So, using design patterns is probably something you already do; you just didn't realize it or hadn't put a name to it. Putting names to things and then cataloging and classifying them is important because it allows us to share and communicate with others at a higher level of abstraction. Although there have been several good books written about design patterns, including Patterns for e-business: A Strategy for Reuse by IBM Press, the quintessential reference is Design Patterns: Elements of Reusable Object-Oriented Software by Erich Gamma, Richard Helm, Ralph Johnson, and John Vlissides or, as it is now commonly referred to, "The Gang of Four Book." "The Gang of Four Book" assigns names and categories to the most common design patterns.
So let's take a look at some of the general categories that design patterns fit into and then dig a little deeper into some examples. First, most design patterns can be generalized into a Creational, Behavioral, or Structural pattern. Creational patterns are patterns that help you instantiate objects. The goal of most Creational patterns is to allow you to create objects through at least one level of indirection, which allows you run-time flexibility. Behavioral patterns are concerned with how objects collaborate with each other at run-time to achieve a common goal. The key concept of Behavioral patterns is that a group of coordinated objects can accomplish tasks that a single object could not accomplish on its own. Structural patterns describe methods of class inheritance and object composition.
Although there are a number of Creational patterns, an easy one to start with is the Singleton. For most classes, we want to be able to instantiate multiple objects. However, from time to time we have need of a class from which we can instantiate one and only one object. A Singleton has two objectives. First, it must allow for the creation of exactly one object of the type it is responsible for. Second, it must allow for easy access to the object. The following is a scaled down example of a class that I use when I want to establish a database connection.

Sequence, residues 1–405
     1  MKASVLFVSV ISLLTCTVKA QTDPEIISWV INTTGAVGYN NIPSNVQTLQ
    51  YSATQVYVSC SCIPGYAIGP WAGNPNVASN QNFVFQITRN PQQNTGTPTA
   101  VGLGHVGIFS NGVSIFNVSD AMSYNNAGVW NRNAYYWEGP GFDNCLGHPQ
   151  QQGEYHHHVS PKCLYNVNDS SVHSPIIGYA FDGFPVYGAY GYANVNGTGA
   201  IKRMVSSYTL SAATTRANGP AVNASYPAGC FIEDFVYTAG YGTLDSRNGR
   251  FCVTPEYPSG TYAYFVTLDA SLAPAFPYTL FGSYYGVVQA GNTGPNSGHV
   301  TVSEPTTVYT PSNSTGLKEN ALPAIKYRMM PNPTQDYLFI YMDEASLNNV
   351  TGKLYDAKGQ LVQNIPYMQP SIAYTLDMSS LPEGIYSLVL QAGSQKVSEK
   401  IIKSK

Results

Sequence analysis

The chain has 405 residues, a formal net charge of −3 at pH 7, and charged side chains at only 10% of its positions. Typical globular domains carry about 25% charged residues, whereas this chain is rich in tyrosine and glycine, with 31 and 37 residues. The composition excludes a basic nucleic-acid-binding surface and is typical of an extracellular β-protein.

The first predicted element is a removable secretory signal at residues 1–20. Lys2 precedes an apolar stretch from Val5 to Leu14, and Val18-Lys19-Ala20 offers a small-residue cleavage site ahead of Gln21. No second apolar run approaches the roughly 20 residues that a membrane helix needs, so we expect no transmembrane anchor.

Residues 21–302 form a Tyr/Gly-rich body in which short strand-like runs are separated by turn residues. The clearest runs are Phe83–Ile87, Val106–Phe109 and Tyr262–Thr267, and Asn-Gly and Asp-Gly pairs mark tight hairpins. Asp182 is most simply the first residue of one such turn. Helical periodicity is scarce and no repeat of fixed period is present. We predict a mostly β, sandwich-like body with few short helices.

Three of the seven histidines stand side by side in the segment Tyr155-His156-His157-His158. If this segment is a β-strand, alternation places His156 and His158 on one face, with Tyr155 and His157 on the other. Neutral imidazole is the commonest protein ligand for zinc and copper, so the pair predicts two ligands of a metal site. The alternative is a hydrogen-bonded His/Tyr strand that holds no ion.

private static SingletonConnection _instance = null;
private static Connection connection = null;
// put your code to connect to the database
// and set the Connection object
// this.connection = your code here
public static SingletonConnectiongetInstance()
if (_instance == null )
_instance = new SingletonConnection();
public Connection getConnection()
Don't be worried if this class looks very strange to you. The first thing you probably noticed is the private, class-level variable _instance, which is of the same type as the class itself. This allows you to store a single instance of the class in the class itself, but because it is private, it can be accessed only through the public, class-level method getInstance(). The method getInstance() returns the private object if one exists or creates one if needed. The other unusual thing you probably noticed is that the constructor is private. Most programmers are not aware that this is legal syntax. Making the constructor private forces users of the class to use the getInstance() method when they want a database connection. So to add a database connection to any class, we simply add the following line of code.